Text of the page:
The Illusion of Potential
During my early years as a young working woman, older colleagues would advise us to look
for “potential” in a prospective marriage partner. While you might not like who this man is when you meet, we were advised to visualise and fall in love with what he could potentially become in the
future. What an illusion!!
With this in mind, one meets a man and adopts a strength-based approach or an optimistic, positive
outlook. Dr Kai Swigart defines the strength-based approach as a phenomenon where one focuses
on the positives by magnifying the little good there is in a person and minimising the most glaring
short-comings or red flags as it were. An overly optimistic outlook sees the best in people, puts them
on a pedestal because, in the words of Elizabeth Gilbert, you believe that “everyone is emotionally
capable of reaching his highest potential”.
You genuinely believe that you can love the identified flaws away in time because love conquers all and
that your love will make him change to become what you want to see him become. You tolerate
things and go through great pain and suffering in the meantime because you are in love with the
person you believe he would become in the future. Essentially, you are a martyr; this man’s saviour
because you think that this man needs your love to live a truly fulfilling life in which his wildest
dreams can be realised. What an exhausting and time-wasting exercise: you might regretfully realise
As it were, expectations for change escalate rapidly putting undue pressure on the partner from
whom the change is expected; creating disharmony in the relationship. Both parties become
resentful and bitter towards each other, and the resultant heartache is inconceivable. A sense of
worthlessness sets in on the part of the self-appointed saviour with the realisation that the man you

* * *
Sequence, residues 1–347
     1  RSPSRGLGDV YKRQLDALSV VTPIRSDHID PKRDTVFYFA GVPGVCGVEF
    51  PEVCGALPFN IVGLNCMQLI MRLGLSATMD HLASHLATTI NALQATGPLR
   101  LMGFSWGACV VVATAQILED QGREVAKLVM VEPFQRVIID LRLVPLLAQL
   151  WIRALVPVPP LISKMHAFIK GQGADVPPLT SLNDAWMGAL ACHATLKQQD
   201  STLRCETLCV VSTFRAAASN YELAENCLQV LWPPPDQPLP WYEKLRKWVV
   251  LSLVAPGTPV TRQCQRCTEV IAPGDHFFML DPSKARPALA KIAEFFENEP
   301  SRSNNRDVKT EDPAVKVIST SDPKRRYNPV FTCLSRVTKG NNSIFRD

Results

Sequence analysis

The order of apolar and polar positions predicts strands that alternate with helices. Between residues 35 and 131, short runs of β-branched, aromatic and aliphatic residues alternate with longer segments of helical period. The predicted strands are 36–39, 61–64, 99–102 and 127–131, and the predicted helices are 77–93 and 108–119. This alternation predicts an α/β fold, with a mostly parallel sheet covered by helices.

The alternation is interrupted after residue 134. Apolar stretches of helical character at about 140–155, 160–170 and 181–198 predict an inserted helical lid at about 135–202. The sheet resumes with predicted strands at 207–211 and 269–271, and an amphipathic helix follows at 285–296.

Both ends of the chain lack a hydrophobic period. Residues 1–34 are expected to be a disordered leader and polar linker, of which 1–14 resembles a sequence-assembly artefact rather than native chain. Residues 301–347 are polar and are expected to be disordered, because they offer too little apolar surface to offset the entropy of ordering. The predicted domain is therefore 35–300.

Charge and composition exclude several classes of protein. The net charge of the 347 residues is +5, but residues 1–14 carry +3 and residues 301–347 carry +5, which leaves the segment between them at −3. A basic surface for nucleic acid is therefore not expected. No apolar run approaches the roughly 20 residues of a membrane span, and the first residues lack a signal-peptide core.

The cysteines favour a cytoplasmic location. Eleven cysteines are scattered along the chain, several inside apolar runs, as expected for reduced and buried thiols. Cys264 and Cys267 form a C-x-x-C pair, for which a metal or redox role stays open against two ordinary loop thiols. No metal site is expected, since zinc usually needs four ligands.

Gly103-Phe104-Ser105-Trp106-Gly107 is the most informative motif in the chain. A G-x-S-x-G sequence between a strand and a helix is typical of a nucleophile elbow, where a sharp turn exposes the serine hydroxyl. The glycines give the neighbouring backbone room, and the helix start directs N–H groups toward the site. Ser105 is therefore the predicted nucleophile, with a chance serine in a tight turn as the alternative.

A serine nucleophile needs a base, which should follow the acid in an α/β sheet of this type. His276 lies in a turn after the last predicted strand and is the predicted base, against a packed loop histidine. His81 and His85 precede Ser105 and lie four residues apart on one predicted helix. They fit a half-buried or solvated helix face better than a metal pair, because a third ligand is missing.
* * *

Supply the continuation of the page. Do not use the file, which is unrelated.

fell in love with was not willing to change his ways for you. You lose yourself in the process of
managing your project!
It is well and good to inspire each other for positive change in a relationship. However, change is
intrinsic and people change when they want to change and in their own terms.
Truthful acceptance in relationships therefore when getting into a relationship, we need to be circumspect to avoid some of the pitfalls we often fall into.
Bustle suggests making a dating checklist from the onset which
– Focusing on your core values
– Knowing your deal-breakers and remaining open-minded about things not on the deal-
– Ensuring that what is important to you is already there.
In a nutshell, rather than making decisions too quickly about men, perhaps one needs to take the
time to observe, identify issues, seek to understand by engaging and experience things yourself. It is
crucial to also make an effort to be the best version of yourself into the relationship. If your
partner does not fulfil your basic needs which you would have outlined from the onset, leave the
relationship. It is emotionally draining to hang onto a relationship too long while waiting for your
partner to ascend to their highest greatness as defined by you.
Truthfully accept people for who they are and accept that people change when they want to change
and that is OKAY. Also accept that sometimes people do not want to change, Finally, get into a relationship with an open heart and sound mind to acknowledge that loving potential is all part of the fairy tale even though it might feel exciting and wonderful.
Never lose the essence of who you are because of an illusion!!
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